7 ways to develop a strong and scalable AI business case


This article was written together Andy TuraiHe is the vice president and chief analyst at Constellation Research and our past follow-up Text On AI’s secret soup.)

Moving from artificial intelligence being a collection of disparate projects to discrete business use cases requires some organizational moxie and strategic planning, but it doesn’t have to be a tedious or daunting process.

While AI can make organizations very successful, success does not happen by accident. Efforts need to be made to identify the right use case, get the right support, get the necessary funding, and ultimately successfully deploy quickly.

The following are ways to leverage your organization’s AI efforts into successful business use cases.

  • Don’t give it “artificial intelligence”. Pitch business development. Make the case for business growth using AI that can deliver results far beyond current methods. While the term “artificial intelligence” may catch everyone’s attention, remember that you’re not selling a technology implementation—you’re selling a way to achieve process improvements, cost savings, a new revenue stream, or new insights for decisions. If you can’t explain the project in those ways, the project has no chance of being successful from the start.
  • Learn the pain points from the field and from executives. It can be very difficult to identify the issue that you can use. Especially in organizations where AI is not widely adopted, business and field users may not know what AI can do for them. Instead of explaining AI to them, a simpler alternative might be to ask about their struggles and what makes their lives easier. If there are commonalities across units, geos, or partners, business cases are easy to explore. If there is potential, it can be easily verified with the accounts by suggesting what AI can do for them in this particular case. This makes it easy for them, but they are very invested because this could solve their main pain point. They can clearly help sell this exercise to their executives who can finance it as their problem is solved.
  • Strive to democratize AI. Where will promising AI development activities lead? For starters, if it’s too closely tied to the technology, not the business – to the extent that it’s black art for business users. “AI should be in the hands of everyone, not just experts,” said Mona Chadha, director of category management at Amazon Web Services. “AI tools need to be easy to implement and provide value to line-of-business users. There is a shortage of AI professionals and data scientists who can leverage sophisticated AI frameworks and infrastructure.”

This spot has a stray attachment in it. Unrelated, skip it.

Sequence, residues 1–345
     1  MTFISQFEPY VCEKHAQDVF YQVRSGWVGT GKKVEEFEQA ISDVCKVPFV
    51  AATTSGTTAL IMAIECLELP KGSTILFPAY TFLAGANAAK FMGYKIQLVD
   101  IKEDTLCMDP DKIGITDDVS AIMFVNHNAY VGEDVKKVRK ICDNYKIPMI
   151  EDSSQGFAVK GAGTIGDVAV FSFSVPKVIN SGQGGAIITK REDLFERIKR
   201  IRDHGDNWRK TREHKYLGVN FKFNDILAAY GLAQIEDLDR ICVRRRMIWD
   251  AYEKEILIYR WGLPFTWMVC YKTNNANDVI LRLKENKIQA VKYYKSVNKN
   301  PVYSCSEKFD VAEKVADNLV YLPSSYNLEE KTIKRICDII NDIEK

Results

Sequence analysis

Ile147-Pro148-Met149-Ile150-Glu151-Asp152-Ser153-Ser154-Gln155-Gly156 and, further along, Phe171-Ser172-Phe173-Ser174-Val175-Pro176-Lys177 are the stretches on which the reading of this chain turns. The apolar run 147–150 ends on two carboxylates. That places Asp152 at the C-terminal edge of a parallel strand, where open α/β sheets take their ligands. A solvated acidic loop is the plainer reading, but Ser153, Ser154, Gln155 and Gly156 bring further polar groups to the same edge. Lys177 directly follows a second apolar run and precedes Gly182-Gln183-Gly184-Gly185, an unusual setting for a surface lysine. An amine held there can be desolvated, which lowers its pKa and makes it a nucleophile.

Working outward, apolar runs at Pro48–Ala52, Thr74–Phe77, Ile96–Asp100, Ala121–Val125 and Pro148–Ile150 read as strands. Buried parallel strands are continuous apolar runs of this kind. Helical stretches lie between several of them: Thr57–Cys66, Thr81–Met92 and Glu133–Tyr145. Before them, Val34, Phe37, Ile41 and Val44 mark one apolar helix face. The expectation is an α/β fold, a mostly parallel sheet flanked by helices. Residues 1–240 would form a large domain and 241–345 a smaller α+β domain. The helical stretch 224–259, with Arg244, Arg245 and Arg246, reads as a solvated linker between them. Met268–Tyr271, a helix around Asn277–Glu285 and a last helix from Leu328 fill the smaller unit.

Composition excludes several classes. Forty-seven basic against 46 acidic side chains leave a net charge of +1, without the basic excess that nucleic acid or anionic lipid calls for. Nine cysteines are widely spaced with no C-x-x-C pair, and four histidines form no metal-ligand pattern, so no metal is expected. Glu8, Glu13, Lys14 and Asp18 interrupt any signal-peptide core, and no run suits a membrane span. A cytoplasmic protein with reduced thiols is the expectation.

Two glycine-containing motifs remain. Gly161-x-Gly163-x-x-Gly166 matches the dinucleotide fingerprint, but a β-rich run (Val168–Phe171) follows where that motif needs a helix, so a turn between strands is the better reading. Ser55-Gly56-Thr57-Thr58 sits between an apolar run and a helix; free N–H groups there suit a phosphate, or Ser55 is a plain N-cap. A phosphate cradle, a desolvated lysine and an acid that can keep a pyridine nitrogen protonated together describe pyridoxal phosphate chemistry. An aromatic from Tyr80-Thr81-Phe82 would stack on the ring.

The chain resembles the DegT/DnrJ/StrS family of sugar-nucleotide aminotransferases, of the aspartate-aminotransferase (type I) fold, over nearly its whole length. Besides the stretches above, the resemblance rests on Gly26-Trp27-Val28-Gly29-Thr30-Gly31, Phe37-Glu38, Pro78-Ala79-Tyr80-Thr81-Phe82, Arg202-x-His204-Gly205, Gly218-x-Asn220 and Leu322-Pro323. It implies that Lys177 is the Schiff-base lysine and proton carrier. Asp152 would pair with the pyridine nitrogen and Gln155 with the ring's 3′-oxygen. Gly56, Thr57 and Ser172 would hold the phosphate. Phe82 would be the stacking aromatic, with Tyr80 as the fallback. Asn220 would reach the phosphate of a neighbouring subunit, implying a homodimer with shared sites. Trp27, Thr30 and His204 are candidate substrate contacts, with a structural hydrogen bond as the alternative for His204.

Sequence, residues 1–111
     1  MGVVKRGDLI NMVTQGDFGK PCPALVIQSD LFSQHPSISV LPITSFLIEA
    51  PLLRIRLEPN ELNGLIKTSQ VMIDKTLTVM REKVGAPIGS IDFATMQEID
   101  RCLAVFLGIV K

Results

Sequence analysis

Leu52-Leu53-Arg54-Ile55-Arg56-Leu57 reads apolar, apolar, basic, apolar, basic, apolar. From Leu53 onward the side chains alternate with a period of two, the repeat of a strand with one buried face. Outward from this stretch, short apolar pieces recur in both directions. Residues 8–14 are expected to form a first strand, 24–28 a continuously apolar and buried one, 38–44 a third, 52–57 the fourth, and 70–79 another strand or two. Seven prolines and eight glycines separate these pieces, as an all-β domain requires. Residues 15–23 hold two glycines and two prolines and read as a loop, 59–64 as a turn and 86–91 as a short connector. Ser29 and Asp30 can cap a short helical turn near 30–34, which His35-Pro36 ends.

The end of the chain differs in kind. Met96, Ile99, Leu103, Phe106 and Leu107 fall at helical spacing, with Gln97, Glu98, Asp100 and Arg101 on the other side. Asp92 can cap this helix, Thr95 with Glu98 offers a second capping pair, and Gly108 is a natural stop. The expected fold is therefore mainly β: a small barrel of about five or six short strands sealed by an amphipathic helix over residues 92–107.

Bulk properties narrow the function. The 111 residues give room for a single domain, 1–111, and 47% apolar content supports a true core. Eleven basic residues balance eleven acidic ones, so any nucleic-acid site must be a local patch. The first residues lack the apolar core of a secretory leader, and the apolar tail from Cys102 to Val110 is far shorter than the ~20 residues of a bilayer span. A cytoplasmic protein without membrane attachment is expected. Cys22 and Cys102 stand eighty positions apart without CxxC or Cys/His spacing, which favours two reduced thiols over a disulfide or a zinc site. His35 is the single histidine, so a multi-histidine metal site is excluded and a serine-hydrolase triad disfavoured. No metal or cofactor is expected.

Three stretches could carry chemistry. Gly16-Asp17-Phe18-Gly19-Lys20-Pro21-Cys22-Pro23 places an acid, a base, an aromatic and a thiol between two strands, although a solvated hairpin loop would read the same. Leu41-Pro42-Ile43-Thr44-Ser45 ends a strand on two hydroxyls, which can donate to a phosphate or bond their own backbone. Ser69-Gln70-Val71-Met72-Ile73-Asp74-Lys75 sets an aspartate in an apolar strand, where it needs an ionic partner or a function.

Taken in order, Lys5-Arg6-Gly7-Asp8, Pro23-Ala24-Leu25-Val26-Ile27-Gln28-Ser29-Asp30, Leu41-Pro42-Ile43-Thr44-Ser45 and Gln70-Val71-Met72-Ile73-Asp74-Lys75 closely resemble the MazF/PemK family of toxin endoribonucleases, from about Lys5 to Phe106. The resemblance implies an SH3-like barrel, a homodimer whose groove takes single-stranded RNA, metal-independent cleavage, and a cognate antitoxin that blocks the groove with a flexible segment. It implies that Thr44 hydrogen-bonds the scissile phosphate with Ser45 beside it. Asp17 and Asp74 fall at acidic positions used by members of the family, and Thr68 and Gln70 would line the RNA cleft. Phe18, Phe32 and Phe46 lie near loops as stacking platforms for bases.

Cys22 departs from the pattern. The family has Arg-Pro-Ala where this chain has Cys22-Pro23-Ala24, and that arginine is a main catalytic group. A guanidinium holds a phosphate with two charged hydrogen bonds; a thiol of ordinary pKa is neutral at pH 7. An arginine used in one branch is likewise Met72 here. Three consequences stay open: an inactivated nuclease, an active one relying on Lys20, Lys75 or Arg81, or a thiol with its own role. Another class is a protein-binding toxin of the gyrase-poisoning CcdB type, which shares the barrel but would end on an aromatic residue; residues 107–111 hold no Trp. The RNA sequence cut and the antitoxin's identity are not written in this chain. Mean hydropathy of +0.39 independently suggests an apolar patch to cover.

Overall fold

• Identify advocates. Identify supporters who can sell AI to executives and managers looking for better ways to solve problems or opportunities within the organization. These individuals need to understand the scope of their company’s AI needs more than the developers or data teams who build or integrate AI solutions. They need to speak the language of business, and help business leaders understand how AI can solve their worst pain points.
  • Build trust with potential users. Executives and managers may be enamored with the technology itself, especially something as complex as AI, and may be hesitant to bet their businesses on it. That could be due to a confidence gap between the insights or recommendations that AI can provide compared to what they see in the field. It is a strong demonstration of successful use cases of similar implementations from both inside and outside the organization.
  • Follow emerging examples of success. There are already working examples of successful AI initiatives with proven value for businesses. Examples include using AI to diagnose diseases and provide personalized treatment, resolve traffic congestion, streamline supply chain flows, provide proactive inventory tracking, help protect sensitive data, personalized customer engagement through conversational AI, coaching, training and measuring marketing returns. Look for areas where competitors have used AI to successfully solve business cases, or look for successful use cases from adjacent industries and use that as a starting point.
  • Set success metrics. You can’t manage or improve what you can’t measure, let alone build a strong and comprehensive business case. See cost savings, efficiency improvements, revenue gains, or any other measure of success for post-deployment AI solutions versus pre-deployment to determine how effective this AI project is at scale.

A good AI strategy is just the starting point. Without proper performance, it is just an illusion.

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